In this installment of our Bike Safety series, we talk about bike lights and night riding. Check out the rest of our series to learn more about varies issues pertaining to bike safety and laws in CU.
I spend a fair bit of time in Neutral Cycle’s campus shop on Fifth and Green and I’ve seen a lot of bikes get sold. With these bikes we almost always end up selling one thing: a lock. These are seen as essential, protecting a bike from theft while unwatched by its owner. (And we’ve written our fair share of posts about bike theft and locking your bike.) What we don’t end up selling is something equally essential: a bike light. If you value the preservation of your bike and your body’s current physical condition, then the $30 investment in a nice set of lights is unquestionably worth it. We’ve written about bike lights before, but they’re important enough to be included as their own entry in our Bike Safety series.
A lot of people in CU, particularly students, ride at night without even a headlight. This isn’t just a CU problem. A survey of night bikers done in Minneapolis, the third-most bicycle-friendly city in the US, according to Bicycling magazine, found that 42% of cyclists riding at night didn’t have bike lights.
What you (legally) must have:
Illinois law requires two things for night riding:
- A red reflector on the rear visible from up to 600 feet when in front of a car’s headlights.
- A front light that (a) emits white light and that (b) can be seen from a distance of up to 500 feet.
If you don’t have these, you can, in theory be pulled over and ticketed by the police. As far as I can remember, when I was looking at bike tickets in CU issued in the past 1-2 years, there was only one case or so of a ticket being issued for a light violation, and even then it was only in tandem with another offense.
But don’t let that stop you from getting a light. The reason you need lights is so that you hurt neither yourself nor others, not because you don’t want a ticket.
What you should have:
For optimum safety, you should get both a headlight and a taillight. Taillights are much easier to see for cars and others behind you because it doesn’t merely reflect light (as does a reflector… obviously…) but it produces its own light too. So taillight, yes. But flashing or steady? For a discussion as to whether it’s better to have a flashing or steady taillight, refer to this discussion. In short, most agreed that it’s best to have a flashing taillight (and also headlight) because (a) it’s perceived to be brighter by the human eye and (b) it’s a ‘less natural’ type of light that is more eye-catching, both of these making you more conspicuous to an observer. That said, some find blinking lights distracting and believe them to have the opposite effect in terms of keeping bikers safer, and there’s also the issue of photosensitive epilepsy. The debate rages on.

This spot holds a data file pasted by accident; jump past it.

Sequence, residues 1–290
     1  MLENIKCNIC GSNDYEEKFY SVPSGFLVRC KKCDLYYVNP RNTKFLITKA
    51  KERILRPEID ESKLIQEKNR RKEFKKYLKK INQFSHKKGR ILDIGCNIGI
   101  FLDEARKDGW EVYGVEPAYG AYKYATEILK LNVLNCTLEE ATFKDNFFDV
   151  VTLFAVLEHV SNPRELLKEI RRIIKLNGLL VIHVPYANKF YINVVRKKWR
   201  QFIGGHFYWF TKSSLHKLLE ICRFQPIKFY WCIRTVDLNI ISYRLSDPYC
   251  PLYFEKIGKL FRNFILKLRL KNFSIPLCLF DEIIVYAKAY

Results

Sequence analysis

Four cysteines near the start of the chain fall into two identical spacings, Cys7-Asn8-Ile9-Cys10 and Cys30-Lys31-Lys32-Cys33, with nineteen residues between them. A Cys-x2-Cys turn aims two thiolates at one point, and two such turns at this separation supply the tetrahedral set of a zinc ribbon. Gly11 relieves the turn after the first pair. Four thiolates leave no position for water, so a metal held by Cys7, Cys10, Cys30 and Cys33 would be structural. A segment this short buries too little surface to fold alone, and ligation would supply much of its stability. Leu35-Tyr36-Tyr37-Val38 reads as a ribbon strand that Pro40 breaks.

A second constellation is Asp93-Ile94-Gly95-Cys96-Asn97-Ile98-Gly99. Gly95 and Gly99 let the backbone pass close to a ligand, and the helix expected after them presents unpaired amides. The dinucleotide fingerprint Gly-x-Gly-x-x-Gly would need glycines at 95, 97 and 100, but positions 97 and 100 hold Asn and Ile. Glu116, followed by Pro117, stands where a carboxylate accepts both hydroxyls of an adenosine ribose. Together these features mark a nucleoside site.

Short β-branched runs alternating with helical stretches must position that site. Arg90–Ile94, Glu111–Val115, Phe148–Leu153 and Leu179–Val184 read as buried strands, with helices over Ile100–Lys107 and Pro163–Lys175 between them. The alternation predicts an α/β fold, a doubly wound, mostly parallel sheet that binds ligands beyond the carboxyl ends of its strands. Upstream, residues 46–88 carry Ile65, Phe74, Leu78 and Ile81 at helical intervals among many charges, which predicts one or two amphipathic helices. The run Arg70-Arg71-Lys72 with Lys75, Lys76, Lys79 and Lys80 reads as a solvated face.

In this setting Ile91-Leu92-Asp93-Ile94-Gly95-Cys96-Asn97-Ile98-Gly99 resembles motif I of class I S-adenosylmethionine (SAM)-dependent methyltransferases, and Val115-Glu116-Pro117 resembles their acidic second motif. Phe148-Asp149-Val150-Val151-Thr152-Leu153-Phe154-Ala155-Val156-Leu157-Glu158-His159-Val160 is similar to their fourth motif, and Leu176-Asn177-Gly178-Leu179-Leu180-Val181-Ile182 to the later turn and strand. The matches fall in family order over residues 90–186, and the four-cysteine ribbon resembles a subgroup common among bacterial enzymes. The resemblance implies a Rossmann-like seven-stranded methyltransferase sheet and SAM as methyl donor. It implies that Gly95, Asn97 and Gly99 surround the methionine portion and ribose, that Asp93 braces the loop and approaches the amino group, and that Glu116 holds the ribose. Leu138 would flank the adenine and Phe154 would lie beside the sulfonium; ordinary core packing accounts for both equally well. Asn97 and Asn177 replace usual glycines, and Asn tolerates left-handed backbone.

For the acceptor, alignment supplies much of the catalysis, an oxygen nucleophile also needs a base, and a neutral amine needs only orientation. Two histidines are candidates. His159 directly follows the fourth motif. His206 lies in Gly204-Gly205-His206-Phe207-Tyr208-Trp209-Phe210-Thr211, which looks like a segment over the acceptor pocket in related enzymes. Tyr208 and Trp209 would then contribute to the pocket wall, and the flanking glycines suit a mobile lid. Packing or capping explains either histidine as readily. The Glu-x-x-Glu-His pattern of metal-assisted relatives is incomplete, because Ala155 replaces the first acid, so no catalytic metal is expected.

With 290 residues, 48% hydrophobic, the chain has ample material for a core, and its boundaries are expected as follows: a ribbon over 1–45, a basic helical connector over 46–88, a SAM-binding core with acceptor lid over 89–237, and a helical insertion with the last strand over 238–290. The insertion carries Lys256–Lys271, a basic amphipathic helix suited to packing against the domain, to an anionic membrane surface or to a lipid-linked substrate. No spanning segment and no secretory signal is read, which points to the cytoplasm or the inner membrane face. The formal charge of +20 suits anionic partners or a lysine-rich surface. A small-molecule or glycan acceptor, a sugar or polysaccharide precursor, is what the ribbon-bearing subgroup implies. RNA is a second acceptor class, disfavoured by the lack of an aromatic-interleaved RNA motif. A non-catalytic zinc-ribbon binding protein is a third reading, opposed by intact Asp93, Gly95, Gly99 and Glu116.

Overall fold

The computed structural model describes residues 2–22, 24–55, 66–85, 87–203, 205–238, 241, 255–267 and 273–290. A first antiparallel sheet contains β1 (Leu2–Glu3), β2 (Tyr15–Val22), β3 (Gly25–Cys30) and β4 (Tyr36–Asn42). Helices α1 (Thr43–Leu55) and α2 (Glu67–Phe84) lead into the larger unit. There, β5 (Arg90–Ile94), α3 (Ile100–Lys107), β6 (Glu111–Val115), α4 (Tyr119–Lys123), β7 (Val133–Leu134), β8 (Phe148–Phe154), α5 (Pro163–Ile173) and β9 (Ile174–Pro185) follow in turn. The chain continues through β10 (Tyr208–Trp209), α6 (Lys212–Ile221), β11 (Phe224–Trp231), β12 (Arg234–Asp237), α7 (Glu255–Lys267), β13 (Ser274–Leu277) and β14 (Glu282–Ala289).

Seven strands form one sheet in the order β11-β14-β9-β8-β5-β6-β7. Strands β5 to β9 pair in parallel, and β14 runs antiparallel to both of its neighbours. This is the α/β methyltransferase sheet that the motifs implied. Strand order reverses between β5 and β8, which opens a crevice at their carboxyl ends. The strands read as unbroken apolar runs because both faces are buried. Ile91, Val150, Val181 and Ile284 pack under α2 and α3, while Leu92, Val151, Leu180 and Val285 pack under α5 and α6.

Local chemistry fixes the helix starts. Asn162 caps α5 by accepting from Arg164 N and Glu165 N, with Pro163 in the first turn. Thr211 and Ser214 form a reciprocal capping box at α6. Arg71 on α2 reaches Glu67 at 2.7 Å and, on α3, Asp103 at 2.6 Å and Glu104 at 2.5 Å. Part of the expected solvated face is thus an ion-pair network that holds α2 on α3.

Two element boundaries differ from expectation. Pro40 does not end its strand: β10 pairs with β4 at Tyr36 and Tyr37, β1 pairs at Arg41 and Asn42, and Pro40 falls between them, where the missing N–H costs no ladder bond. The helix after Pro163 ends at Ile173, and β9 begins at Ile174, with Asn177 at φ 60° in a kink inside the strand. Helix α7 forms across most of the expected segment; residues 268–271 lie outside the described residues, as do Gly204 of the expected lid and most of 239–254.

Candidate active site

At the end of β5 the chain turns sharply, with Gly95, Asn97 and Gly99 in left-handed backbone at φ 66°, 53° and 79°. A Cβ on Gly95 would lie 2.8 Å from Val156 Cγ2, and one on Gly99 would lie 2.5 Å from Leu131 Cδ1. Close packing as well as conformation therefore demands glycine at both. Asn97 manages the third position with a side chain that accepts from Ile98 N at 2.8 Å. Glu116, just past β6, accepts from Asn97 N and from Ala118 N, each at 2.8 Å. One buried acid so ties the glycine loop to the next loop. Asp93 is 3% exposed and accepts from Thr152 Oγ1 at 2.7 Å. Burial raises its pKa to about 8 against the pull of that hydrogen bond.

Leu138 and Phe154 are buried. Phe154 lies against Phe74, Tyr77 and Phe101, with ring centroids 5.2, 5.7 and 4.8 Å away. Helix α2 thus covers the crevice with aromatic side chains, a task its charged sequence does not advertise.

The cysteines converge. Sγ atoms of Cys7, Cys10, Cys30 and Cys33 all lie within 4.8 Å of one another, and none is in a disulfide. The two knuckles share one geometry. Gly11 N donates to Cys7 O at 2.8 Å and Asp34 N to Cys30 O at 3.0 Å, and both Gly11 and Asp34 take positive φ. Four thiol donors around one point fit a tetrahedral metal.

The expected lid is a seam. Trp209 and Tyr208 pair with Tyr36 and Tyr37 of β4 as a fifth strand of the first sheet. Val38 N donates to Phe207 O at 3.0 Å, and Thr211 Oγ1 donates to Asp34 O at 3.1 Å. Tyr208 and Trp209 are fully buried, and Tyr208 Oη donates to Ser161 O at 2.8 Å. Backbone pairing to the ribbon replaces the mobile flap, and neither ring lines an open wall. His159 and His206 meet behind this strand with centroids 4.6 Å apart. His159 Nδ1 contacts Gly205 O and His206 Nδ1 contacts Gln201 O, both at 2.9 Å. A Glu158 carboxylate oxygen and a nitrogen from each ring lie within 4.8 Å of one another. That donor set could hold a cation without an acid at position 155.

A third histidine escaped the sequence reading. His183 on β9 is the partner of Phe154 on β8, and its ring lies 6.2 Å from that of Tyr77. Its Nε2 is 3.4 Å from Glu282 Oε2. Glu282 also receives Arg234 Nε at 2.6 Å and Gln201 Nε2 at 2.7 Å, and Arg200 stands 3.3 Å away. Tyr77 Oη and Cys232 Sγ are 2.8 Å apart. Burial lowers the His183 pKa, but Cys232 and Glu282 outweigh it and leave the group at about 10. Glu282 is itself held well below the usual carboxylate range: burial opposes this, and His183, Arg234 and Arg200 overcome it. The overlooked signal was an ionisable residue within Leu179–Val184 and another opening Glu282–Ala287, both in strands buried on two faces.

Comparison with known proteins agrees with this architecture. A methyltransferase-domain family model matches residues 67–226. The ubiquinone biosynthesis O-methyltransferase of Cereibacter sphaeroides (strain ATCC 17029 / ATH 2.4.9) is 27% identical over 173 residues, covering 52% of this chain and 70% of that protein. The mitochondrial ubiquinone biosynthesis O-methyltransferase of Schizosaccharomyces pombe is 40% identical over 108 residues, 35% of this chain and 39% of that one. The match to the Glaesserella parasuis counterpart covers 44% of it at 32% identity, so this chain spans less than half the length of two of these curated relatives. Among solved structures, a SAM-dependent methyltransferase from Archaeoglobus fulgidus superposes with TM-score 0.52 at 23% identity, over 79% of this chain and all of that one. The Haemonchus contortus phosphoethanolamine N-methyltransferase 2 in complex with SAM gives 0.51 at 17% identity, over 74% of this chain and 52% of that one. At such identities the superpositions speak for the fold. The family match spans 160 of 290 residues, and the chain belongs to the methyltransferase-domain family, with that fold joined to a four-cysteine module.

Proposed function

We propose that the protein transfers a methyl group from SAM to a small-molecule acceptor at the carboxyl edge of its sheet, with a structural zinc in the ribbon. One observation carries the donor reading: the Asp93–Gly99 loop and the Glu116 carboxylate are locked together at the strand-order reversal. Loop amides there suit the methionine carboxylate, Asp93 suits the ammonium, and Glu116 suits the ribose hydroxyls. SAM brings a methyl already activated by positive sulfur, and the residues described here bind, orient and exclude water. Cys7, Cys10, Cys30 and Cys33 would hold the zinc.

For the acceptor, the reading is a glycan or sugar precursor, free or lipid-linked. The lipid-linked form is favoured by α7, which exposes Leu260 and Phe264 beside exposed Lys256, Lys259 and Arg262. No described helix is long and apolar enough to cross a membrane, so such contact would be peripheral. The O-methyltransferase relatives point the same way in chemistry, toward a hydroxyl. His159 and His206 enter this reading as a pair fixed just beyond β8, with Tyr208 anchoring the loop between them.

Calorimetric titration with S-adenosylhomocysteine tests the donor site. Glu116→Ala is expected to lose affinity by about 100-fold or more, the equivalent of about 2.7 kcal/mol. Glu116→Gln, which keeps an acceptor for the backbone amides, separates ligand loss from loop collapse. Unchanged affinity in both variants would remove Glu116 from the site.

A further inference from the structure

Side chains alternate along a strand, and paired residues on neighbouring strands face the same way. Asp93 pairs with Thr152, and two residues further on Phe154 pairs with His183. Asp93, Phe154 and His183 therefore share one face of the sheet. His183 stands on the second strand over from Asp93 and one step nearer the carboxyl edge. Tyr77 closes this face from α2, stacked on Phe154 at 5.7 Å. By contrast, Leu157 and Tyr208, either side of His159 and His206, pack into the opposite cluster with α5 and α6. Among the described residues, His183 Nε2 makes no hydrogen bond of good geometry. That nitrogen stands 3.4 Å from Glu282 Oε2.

For the past six years, the Bike Project of Urbana-Champaign has a yearly event in the Fall called Light the Night where they give out and install headlights and taillights for free, to help increase bike safety in the CU area.
If you don’t have bike lights (or just have a headlight), come by Neutral Cycle and pick out a set.
Biking at night
So after all that talk bike lights, what else can you do, beyond having lights, to increase your visibility on the road. First, make sure your bike has other reflectors. Illinois law requires that all new bikes be sold with a colorless reflector on the front, reflectors on your pedals, and reflectors on the side of your bike. If you have an older bike, then your bike may not be equipped with these safety features.
Another, more important way to increase your visibility is to wear clothing and accessories that makes you easily visible. Avoid black if you can, and invest in clothing meant for biking that incorporates reflective material on it or wear reflective bands on your ankle and knees. These are actually pretty effective in increasing your visibility. You want to make yourself as conspicuous as possible in order to avoid getting hit. Unfortunately, studies have shown that people assume they’re much more visible than they are. The best solution is to evaluate what you’re proactively doing to make yourself visible to cars and identify what you can do to make yourself even more visible. Let us know if you have any suggestions that we failed to mention!